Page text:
“Okay, some of what you know is true, and there is some misinformation. Grace was hospitalized in order to change her medication. She was experiencing self-harming ideation, but she was doing a good job on not acting on it in any meaningful way. She was reporting it to us and her teachers. She was taking a medication called Lamictal, and that can be a dangerous drug to stop taking. So, her psychiatrist wanted to hospitalize her and decide what drug to replace it with. We all together chose Lithium. This drug is doing its job pretty well, and, so far, she’s not experiencing any kind of ideation. And, she’s not hallucinating either. She does have early-onset schizophrenia, but that’s a heavily stigmatized word in our culture meaning it might mean something different to different people. Some people confuse schizophrenia with Dissociative Identity Disorder which it is not. It’s actually a neuroprogressive disorder meaning that, over time, the brain loses white matter. There is an aggressive form of schizophrenia that can cause up to 20% of tissue loss in the brain on par with Alzheimer’s. The reason people hear voices and hallucinate is because one part of the brain that schizophrenia affects is the parietal lobe which is where we process sensory input. The other part is the frontal cortex which is responsible for decision-making, executive planning, and working memory. There are currently three theories attempting to explain schizophrenia’s etiology. One centers around pruning. Pruning doesn’t begin until early adulthood which would explain why schizophrenia is rare in children. The second centers around demyelination much like in MS, and the third centers around neurotransmitters. You will hear the word ‘psychosis’ used to describe schizophrenia, and that’s another word that our culture has borrowed and applied meaning to. People will say, “That murderer was psychotic!” Psychotic simply means that someone is not attached to reality–they don’t know what is real. Schizophrenia is, therefore, a psychotic disorder because, due to what is going on neurologically in the brain once schizophrenia has taken hold, an inability to know what is real in one’s environment manifests. There are medications classed as neuroleptics and antipsychotics that help the brain function better. There are also mood stabilizers. One thing to understand about Grace is that she has never externalized and harmed anyone. She presents oddly in that way. Grace has always been a docile, sweet person. If anything, she internalizes. Does this make sense to you? I want you to feel comfortable asking questions because that’s how we remove stigma from mental illness.”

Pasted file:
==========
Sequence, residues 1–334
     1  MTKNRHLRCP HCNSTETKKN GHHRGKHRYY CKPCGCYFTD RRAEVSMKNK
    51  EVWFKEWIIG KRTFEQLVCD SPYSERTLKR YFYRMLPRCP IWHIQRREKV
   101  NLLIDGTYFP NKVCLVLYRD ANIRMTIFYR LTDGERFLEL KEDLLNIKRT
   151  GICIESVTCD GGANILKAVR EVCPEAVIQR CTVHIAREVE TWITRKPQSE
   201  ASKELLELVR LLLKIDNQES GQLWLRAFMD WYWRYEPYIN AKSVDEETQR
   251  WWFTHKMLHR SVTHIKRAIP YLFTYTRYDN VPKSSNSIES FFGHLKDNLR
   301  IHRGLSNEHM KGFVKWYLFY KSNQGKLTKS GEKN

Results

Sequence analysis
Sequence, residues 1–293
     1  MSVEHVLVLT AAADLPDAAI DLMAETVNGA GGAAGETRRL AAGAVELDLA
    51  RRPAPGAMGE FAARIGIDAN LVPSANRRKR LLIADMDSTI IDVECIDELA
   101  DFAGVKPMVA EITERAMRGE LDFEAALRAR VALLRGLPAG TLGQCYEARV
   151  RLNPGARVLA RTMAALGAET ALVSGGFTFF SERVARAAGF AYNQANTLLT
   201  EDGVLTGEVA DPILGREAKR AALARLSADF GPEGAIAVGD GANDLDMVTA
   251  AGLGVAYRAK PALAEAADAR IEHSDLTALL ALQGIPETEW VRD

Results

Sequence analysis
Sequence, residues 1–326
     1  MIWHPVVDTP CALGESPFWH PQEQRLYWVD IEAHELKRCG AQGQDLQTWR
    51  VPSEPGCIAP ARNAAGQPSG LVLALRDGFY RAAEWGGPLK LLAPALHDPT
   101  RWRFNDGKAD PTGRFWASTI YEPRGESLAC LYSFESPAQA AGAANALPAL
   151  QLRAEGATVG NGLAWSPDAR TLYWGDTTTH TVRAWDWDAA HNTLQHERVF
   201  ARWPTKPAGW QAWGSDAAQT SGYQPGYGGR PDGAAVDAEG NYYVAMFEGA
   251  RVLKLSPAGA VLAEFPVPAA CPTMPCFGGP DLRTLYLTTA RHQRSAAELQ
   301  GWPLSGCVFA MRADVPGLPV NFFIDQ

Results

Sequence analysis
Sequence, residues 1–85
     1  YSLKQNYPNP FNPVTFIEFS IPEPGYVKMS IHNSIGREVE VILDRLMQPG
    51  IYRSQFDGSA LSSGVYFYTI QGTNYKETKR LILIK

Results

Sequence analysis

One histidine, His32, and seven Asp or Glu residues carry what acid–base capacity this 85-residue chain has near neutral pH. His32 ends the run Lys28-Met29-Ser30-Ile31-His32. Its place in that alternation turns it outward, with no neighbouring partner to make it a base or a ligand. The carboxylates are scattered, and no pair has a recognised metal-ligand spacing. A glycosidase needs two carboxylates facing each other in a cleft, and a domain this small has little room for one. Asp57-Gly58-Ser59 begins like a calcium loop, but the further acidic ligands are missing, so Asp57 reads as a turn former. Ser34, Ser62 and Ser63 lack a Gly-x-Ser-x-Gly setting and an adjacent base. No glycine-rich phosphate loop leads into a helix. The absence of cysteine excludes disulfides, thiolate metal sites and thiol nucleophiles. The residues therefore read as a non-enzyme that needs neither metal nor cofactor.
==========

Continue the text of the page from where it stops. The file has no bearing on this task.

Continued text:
I had explained as clearly as I could what schizophrenia is, and I could hear on the phone that Cate was much calmer. She expressed that she had no idea what schizophrenia really was. She was deeply saddened by Grace’s prognosis particularly by the idea of loss of brain tissue. I went on to explain that I would never let her daughter come to our home if I thought she would be exposed to something harmful, and I have, in fact, said ‘no’ on occasions when Grace was unwell. I asked her to trust my judgment as far as Grace’s well-being and state of mind were concerned. If a playdate or sleepover were requested, then I would be sure to make a sound judgment around Grace’s ability to socialize. Perhaps a playdate would be okay but a sleepover would be too much. It’s hard to trust another parent with the well-being of your own child, isn’t it? These are difficult conversations, but I admire Cate for calling me and taking the risk.